Tracking and other forms of so-called ability grouping which have the effect of segregating students within schools is typically cited as an example of a second generation discrimination issue. The practice has garnered considerable attention because of the ways in which tracking typically results in a re-segregation of students within schools and denying students basic opportunities to learn from competent teachers (Wheelock 1992). Tracking also tends to limit the ability of students of color to enroll in rigorous courses such as Algebra that lead to college (Oakes 1985), and despite numerous studies demonstrating its harmful effects upon student achievement and attainment tracking continues to be practiced widely throughout the United States. Even at a time when students are expected to meet common standards, because of tracking they are generally educated under different and unequal circumstances.
Likewise, the various ways in which students are labeled and sorted as a result of testing practices, also constitutes another form of second-generation discrimination. The disproportionate number of minority students who are categorized as learning disabled and placed into special education programs is often cited as one of the methods school districts employ to remove and isolate students from the academic mainstream (Orfield and Losen 2002). In many school districts bi-lingual education and English as a Second Language (ESL) programs also have a re-segregating effect (Noguera 2001). It is not uncommon to find students who are identified as English language learners assigned to remedial classes that are staffed by unqualified teachers. Such practices are often carried out by educators who claim to be helping students with special needs even though all available evidence indicates that such help is having the opposite effect: those labeled and separated fall further behind the longer theyve been placed in special programs designed to help them. The prevalence of such practices is also a reflection of the widespread bias against immigrants, who often lack the skills and ability to serve as effective advocates for their children.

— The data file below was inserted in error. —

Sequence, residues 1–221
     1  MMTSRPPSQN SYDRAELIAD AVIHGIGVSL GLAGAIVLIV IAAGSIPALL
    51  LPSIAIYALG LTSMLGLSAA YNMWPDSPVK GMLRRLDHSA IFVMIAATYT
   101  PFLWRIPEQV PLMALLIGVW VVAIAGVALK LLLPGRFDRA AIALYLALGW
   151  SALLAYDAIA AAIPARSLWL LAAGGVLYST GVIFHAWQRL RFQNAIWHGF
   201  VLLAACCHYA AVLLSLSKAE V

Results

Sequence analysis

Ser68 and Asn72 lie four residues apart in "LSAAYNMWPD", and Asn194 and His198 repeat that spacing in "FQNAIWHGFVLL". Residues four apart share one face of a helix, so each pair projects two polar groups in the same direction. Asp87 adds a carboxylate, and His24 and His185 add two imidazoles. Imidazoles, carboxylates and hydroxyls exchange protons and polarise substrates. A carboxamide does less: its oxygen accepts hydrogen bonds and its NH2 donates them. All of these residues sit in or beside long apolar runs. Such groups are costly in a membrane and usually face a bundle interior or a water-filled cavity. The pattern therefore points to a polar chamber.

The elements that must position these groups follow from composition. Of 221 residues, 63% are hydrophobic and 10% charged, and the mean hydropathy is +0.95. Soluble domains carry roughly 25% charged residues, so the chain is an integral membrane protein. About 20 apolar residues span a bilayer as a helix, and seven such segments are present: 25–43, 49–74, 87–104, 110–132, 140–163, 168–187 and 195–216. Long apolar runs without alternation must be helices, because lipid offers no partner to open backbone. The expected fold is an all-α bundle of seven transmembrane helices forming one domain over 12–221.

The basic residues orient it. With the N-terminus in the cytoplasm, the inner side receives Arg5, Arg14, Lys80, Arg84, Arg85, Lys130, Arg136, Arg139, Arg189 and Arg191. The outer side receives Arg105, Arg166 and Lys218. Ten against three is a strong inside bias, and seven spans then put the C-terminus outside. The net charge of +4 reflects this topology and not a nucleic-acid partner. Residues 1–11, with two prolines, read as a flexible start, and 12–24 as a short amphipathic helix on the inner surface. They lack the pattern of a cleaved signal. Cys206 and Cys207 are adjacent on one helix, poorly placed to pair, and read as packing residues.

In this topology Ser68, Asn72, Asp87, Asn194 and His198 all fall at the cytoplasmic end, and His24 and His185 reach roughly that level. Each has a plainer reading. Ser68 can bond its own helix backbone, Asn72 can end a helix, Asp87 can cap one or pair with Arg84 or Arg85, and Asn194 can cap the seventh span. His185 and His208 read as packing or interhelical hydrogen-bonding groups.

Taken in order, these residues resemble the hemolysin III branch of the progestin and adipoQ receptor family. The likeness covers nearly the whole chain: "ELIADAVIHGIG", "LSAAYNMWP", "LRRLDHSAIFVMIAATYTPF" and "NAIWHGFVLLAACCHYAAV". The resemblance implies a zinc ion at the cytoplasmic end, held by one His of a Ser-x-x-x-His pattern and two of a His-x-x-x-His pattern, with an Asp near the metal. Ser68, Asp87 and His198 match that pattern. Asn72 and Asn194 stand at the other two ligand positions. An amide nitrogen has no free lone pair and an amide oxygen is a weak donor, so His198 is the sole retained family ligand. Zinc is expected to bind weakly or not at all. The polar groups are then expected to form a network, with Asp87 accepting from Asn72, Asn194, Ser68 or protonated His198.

Finally, there is also a tendency within many school districts to subject minority students, particularly low-income African American males, to disproportionate amounts of punishment. Based ostensibly upon their desire to maintain a safe and orderly environment, a number of school districts engage in disciplinary practices that result in large numbers of minority students being suspended and expelled from school (Noguera 2003). Following the school shootings that occurred in the late 1990s at Columbine High School in Littleton, Colorado and other locations, several states and school districts adopted Zero Tolerance laws. Ironically, these laws have resulted in large numbers of poor minority students being targeted for punishment even though the shootings occurred in affluent, white suburban communities. School discipline is an equity issue because in most places the neediest students are disproportionately targeted for punishment, and exclusion from the classroom, a practice that generally exacerbates learning deficiencies, is the primary form of punishment utilized.